Denmark hits back at rampant animal sex tourism by banning bestiality

Footage from a US drone of a Taliban fighter having sex with a donkey
Footage from a US drone of a Taliban fighter having sex with a donkey

Denmark has taken the plunge and banned bestiality after much international outcry.

New legislation introduced this week has toughened an existing law which banned intercourse which harms an animal, in a bid to tackle the nation's animal sex tourism problem.

"The current legislation does not protect the animals enough. It's hard to prove that an animal suffers when a human has sexual intercourse with it, and that is why we must give the animal the benefit of the doubt," wrote Farm Minister Dan Jorgensen.

Denmark was the last northern European country where bestiality was legal, attracting animal sex tourists in their droves.

The Danish Ethical Council for Animals reported that:

"There are frequent reports of the occurrence of organized animal sex shows, clubs and animal brothels in Denmark."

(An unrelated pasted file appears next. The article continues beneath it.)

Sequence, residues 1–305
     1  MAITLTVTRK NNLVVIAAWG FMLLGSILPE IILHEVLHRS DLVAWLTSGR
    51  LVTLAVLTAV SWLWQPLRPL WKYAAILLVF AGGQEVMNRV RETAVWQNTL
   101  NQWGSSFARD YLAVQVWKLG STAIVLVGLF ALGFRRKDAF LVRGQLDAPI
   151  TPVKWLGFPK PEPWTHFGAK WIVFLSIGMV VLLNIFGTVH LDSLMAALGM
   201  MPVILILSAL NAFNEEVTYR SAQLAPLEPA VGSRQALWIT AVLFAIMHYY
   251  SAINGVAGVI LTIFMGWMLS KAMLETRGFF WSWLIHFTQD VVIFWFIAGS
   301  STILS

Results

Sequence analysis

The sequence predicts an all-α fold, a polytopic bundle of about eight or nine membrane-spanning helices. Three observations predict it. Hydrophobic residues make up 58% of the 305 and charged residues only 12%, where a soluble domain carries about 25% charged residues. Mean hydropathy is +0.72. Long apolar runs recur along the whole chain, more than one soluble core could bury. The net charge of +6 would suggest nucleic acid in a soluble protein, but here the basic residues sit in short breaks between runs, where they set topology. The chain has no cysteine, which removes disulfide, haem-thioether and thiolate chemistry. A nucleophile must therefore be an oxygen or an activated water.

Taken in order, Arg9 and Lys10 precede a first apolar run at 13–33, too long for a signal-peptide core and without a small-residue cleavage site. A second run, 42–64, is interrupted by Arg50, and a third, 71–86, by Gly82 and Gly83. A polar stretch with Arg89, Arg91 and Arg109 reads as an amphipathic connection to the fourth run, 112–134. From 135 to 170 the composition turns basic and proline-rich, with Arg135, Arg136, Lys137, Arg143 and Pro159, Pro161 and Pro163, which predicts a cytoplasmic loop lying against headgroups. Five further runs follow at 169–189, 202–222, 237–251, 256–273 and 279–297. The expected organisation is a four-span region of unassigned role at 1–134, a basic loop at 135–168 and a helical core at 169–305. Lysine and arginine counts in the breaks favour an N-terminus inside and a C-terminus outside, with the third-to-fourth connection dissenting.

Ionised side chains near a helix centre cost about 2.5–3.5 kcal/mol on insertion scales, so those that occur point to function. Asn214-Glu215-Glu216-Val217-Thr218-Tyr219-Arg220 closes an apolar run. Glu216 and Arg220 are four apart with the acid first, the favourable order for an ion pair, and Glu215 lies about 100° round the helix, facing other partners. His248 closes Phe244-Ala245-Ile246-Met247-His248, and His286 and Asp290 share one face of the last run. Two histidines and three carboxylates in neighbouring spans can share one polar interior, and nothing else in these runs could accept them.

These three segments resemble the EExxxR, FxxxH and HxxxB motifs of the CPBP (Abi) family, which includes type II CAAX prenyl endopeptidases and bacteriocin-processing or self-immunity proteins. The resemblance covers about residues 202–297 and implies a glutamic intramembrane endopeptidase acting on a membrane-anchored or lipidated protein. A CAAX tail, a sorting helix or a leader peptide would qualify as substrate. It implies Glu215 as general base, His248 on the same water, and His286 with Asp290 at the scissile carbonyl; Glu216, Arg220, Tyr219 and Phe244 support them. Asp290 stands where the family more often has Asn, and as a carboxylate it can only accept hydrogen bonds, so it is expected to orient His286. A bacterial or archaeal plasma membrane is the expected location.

Vice magazine recently reported that the website Beast Forum, which is an online hub for those with an inclination towards animal sex, boasted an active Denmark board, full of “people asking to borrow male dogs for sex.”

In 2007, two journalists from the newspaper 24timer obtained access to an animal brothel western part Denmark, claiming to be interested in animal sex.

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They filmed with a hidden camera as they were offered a horse for their sexual needs, reports Vice magazine.

In an investigation by Ice News the owner of an animal bordello in Denmark said that many of his clients come from abroad and that they travel long distances for his services.

“But the clients tell us that it is much simpler to buy animal sex in Denmark than in their own country,” the owner said, explaining that many of his clients come from Norway, Sweden, Holland and Germany.

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A 2011 Justice Ministry report surveyed Danish veterinarians and found 17 percent of them suspected that an animal they treated had had intercourse with a human.